David Lundgren, CMT, CFA 1:03:41

Craig Johnson, CMT, CFA 1:03:42
I wonder what the correlation is between those calling for a bubble in AI and those who got burned on their SPAC investments? Couple years ago, right? Some recency bias at play with a lot of these naysayers. I would also just point out that a lot of the macro people that are negative on the market are also calling out AI as a speculative bubble too. Very similar. But I agree with you, Tyler can be some of the SPACs along the way, too.

Tyler Wood, CMT 1:04:09
So in the gold rush to AI, we’ve got to think about Nvidia and others as the picks, axes, and shovels that help people get there.

Craig Johnson, CMT, CFA 1:04:18
And that, again that, this—let me add one more thing, Tyler if I could, that is exactly what happened back in the internet days, is you needed the infrastructure built so that you had all of the on ramps onto the internet, you had the backbone put in place, you had the storage, you had all the other things. If you think about AI, you need a ton of processing power, you need a ton of memory, you need very low latency networks. You need all those pieces that come into play. And it’s just further driving that picks, axes, and shovels sort of phenomena again, but those are the early stages of ultimately a change. And then if I could add one other thing people keep saying that AI is potentially going to be dangerous, it’s going to be a problem. It’s going to be these kinds of things. I think it’s just an evolution of how productive we can ultimately be. I think it’s definitely going to drive higher productivity. And I think some of the jobs are going to be impacted right away. I mean, no question coding, programming, all these things. I mean, I can literally go into chatGBT and say, Hey, I need a Python script to copy files from location A to location B, write that for me. And it’ll basically spit it out for you in a couple of minutes. And you can tweak it, you’re done. service jobs, clearly. I’ve had one gentleman in Geneva, Switzerland, say to me that I’m a dinosaur. And technical analysis is going to be replaced by AI. And I just kind of pulled out for him the the top guideline that, that may be true Mav, but not today. That’s kind of how I think about the world of technical analysis in AI.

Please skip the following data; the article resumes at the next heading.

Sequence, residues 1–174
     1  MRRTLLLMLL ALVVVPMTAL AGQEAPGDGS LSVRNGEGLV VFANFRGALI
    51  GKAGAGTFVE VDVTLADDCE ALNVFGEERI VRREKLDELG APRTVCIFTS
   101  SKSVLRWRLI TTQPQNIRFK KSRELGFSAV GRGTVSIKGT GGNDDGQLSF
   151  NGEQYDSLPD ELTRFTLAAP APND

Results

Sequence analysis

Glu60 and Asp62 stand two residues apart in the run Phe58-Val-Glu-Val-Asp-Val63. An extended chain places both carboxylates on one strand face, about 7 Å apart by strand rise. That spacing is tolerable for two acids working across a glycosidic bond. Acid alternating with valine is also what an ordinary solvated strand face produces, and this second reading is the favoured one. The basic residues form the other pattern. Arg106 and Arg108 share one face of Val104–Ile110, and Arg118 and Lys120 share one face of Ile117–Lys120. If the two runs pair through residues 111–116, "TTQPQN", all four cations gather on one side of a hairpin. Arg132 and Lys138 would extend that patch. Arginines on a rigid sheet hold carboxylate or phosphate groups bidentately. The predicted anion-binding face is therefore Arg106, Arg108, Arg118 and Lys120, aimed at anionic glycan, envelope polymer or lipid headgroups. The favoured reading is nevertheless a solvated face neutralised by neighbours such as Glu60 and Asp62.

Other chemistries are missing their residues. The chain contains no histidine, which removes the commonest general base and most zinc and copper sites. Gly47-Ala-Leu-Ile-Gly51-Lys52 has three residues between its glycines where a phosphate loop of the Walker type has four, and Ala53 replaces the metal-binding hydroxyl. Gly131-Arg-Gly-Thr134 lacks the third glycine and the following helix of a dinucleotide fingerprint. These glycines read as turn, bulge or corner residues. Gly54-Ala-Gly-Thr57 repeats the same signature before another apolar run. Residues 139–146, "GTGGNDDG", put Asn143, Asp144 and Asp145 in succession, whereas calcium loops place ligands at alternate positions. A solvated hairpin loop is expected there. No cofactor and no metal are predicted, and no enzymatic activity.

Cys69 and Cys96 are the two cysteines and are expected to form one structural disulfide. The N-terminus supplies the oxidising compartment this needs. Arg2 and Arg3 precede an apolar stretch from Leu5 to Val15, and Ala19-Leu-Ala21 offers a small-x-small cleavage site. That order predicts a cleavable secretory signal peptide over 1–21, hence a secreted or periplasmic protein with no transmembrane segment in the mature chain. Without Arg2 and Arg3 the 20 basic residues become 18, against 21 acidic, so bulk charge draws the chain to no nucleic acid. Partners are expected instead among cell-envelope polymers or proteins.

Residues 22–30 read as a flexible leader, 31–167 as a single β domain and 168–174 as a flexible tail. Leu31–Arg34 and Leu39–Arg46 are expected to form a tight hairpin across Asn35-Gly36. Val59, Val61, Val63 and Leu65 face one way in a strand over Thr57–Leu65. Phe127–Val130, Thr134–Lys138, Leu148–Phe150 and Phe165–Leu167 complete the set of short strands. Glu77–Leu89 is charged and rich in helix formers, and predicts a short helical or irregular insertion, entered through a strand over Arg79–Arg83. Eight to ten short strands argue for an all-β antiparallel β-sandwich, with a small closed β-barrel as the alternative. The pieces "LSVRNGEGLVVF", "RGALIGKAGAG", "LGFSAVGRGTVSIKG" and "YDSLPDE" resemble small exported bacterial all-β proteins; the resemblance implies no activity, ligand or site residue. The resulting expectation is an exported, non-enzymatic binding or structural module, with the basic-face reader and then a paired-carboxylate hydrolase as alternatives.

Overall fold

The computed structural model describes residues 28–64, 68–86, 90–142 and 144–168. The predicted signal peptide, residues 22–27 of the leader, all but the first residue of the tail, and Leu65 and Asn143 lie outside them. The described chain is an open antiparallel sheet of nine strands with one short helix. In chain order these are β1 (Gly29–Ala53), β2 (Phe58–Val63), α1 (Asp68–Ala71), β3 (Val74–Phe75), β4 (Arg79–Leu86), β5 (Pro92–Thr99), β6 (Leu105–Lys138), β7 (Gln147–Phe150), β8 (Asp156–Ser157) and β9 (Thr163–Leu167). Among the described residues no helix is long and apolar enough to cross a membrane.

Tyler Wood, CMT 1:06:03
I mean, total opinion piece here, but it does seem like the accounting industry might be more readily disrupted by repetitive tasks that can be easily replicated by AI, rather than the interpretive work that technical analysts need to do. Craig, you just made an offhand comment about a higher interest rate environment that might generate a frothier IPO market, when it becomes more advantageous to go public than to debt finance any of these projects. We haven’t really talked about the major secular inflection on you know, like a quarterly chart of the TNX, we can see that, you know, I basically came into the world at the top of the market, and it’s been, it’s been down for about 41 years until recently. We’ve had this this sideways consolidation since the highs in October last year on something like the TNX. Are you looking for it to break above that downward sloping trend channel? And if so, what what do you think the implications are for the equity markets, but maybe more specifically, what do you think the implications are for the crypto markets?

Craig Johnson, CMT, CFA 1:07:13